What jobs are exempt from Michigan coronavirus lockdown? You may be surprised.
MICHIGAN WORKERS EXEMPT FROM STAY-HOME ORDER
Total statewide workers: 4,318,000
- Total estimated workers who can reasonably claim exemption: Approximately 1 million
- Health care and public health: 340,000
- Law Enforcement, Public Safety & First Responders: 59,500
- Food and agriculture: 72,000
- Energy: At least 7,000
- Water and wastewater treatment & public works: At least 4,000
- Transportation and logistics: 260,500
- Communications & information technology, including news media: 84,000
- Community-based government operations & essential functions: Not immediately known
- Hazardous materials: At least 650
- Financial services: 95,000
- Chemical supply chains & safety: At least 10,000
- Defense industrial base: Not immediately known
Source: Bridge analysis of U.S. Bureau of Labor Statistics Occupational Employment Statistics Database. All job figures are for 2018.
Update: Police: Don’t expect us to enforce Michigan’s confusing coronavirus lockdown.
LANSING — Liquor stores, home repair businesses and auto repair shops can stay open. Car dealers and most construction companies probably can’t.
So are many employers and residents, who are scrambling to interpret Michigan Gov. Gretchen Whitmer’s Monday order that all businesses — except those deemed “essential” — remain closed until at least April 13 because of the coronavirus pandemic.
Her order, which mirrors federal guidance and orders in Ohio and other states, includes exemptions to 16 industries including energy and chemical supply, wastewater treatment, health care and more.
That means autism therapists, supermarket clerks, bankers and sanitation workers will still show up for their jobs. It’s less clear whether construction workers or small manufacturers are exempt.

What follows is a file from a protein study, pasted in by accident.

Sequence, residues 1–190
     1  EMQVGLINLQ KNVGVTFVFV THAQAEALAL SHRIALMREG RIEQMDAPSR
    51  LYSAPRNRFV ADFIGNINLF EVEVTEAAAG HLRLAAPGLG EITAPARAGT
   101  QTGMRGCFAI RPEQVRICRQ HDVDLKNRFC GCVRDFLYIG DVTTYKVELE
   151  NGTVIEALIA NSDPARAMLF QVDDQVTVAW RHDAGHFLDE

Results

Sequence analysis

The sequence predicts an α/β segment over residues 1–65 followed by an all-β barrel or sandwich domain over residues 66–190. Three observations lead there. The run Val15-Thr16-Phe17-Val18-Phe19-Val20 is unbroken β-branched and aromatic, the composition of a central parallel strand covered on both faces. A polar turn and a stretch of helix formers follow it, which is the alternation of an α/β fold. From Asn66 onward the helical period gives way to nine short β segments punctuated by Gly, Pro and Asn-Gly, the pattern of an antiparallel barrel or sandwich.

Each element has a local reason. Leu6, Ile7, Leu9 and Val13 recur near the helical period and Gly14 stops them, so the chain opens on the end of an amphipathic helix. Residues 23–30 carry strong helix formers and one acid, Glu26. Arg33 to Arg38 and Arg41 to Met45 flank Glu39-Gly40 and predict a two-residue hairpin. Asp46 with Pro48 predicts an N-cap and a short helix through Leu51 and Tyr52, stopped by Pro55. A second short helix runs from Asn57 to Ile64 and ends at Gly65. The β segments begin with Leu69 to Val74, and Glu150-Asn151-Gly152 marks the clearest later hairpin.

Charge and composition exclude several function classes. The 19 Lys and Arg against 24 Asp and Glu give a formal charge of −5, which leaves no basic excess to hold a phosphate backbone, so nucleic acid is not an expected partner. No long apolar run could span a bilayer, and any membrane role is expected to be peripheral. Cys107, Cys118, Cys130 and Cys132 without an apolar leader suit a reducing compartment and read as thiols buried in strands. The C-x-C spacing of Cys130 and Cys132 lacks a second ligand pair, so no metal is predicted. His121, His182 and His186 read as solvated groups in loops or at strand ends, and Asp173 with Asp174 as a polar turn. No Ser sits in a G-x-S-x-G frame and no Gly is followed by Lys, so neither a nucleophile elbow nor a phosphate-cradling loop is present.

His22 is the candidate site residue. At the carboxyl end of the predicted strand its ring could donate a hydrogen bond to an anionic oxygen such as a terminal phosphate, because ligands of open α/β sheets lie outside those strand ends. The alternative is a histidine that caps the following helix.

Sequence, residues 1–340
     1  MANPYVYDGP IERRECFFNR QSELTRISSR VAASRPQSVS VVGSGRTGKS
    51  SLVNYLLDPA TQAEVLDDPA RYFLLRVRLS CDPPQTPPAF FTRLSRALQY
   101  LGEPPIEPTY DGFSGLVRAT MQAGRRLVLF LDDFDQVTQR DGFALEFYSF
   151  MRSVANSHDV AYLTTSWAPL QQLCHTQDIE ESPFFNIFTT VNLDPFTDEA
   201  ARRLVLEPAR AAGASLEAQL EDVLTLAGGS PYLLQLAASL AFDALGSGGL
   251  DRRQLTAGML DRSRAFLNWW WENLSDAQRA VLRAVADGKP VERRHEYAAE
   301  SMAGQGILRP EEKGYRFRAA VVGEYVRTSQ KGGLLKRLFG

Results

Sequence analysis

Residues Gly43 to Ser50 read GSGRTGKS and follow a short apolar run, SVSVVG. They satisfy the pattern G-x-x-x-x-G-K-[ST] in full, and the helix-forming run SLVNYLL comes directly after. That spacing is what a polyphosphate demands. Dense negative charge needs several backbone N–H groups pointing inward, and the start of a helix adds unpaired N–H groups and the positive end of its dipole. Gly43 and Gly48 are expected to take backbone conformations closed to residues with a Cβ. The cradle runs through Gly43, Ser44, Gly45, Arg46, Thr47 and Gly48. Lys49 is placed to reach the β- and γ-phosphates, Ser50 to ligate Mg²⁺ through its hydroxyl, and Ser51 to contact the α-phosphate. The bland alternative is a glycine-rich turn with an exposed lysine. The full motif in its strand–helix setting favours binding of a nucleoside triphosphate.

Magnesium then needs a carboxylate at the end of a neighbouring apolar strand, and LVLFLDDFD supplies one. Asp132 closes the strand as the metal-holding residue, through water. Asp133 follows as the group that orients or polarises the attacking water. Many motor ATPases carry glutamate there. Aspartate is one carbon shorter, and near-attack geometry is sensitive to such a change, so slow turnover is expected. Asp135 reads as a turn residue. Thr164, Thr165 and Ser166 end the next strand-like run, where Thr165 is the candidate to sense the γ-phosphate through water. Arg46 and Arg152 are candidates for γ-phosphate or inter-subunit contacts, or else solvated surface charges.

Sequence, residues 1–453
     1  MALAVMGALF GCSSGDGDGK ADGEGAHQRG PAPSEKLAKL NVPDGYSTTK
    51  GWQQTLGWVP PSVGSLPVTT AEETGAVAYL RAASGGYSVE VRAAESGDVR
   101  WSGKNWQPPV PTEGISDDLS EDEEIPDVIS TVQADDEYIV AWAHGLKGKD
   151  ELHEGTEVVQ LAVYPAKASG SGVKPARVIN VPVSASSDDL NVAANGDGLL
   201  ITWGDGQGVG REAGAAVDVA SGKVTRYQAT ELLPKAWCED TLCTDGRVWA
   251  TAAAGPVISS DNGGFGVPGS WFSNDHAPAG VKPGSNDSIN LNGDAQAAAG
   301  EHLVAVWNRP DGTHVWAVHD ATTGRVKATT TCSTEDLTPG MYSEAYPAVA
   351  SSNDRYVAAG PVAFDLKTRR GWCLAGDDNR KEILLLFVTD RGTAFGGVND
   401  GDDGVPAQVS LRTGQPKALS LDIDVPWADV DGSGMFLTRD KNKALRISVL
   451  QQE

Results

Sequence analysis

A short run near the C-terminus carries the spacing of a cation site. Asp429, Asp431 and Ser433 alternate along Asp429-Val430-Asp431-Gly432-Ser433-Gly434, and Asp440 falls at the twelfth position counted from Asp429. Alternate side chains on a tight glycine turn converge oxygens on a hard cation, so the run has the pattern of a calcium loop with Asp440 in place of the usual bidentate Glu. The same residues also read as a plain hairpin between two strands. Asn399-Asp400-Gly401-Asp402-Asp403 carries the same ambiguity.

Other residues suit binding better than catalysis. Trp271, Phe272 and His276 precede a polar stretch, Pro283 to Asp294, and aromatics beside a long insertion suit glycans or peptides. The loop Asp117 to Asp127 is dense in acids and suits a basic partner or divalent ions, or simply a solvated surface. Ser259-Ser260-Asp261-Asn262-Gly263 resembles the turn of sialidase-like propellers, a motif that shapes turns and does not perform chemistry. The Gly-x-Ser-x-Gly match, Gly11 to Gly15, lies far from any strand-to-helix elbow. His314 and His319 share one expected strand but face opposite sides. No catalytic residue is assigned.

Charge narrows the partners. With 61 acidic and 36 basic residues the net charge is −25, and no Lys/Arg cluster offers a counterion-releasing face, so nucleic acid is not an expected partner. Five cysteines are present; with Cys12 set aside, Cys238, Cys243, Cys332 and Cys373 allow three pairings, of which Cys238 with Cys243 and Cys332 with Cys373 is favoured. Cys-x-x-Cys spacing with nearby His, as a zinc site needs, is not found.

“I know this is going to be disruptive, and it’s certainly going to be hard on our economy as well,” Whitmer said in a press conference Monday morning. “But our action will save lives.”
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All told, the exempted industries represent roughly 1 million of the state’s 4.3 million jobs, according to a Bridge Magazine analysis of U.S. Bureau of Labor Statistics data.
The broad exemptions follow a weekend of lobbying by industry groups to exempt some businesses from the lockdown. Whitmer’s order also allows companies to designate employees that are necessary “to conduct minimum basic operations.”
Many businesses that weren’t included in the new order had been shut down by Whitmer in previous directives, such as restaurants that can continue to offer carryout and delivery service only. Pot shops, meanwhile, can only sell to customers curbside or by delivery.
“It might be that it just gets some people’s attention” who had not previously heeded public health warnings, he said.
Employment sectors exempt from the order — including health care, public safety, food and agriculture, energy, transportation and public works — are “a lot of the economy,” Ballard said.
“I think there would have been tremendous public pressure to keep all those things open regardless of what the governor would have said,” Ballard said.
Still manufacturing, construction and other industries that rely on in-person work that haven’t yet been forced to shut down are likely to face big losses. Last week, more than 108,000 Michigan residents filed for unemployment insurance, the most since at last 1987.
Patrick Anderson, founder of the Anderson Economic Group in East Lansing, last week predicted as many as 1.4 million workers could suffer at least two days of lost wages because of the coronavirus. After Whitmer's order, he predicted that number could climb to 2 million, or nearly half of all the state’s workers.The order goes into effect 12:01 a.m. Tuesday and will continue through April 13. The rules require that businesses whose operations aren’t “necessary to sustain or protect life” shut most in-person operations.
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Businesses not deemed essential are still allowed to “conduct minimum basic operations” and decide for themselves which employees are necessary to show up to keep work flowing.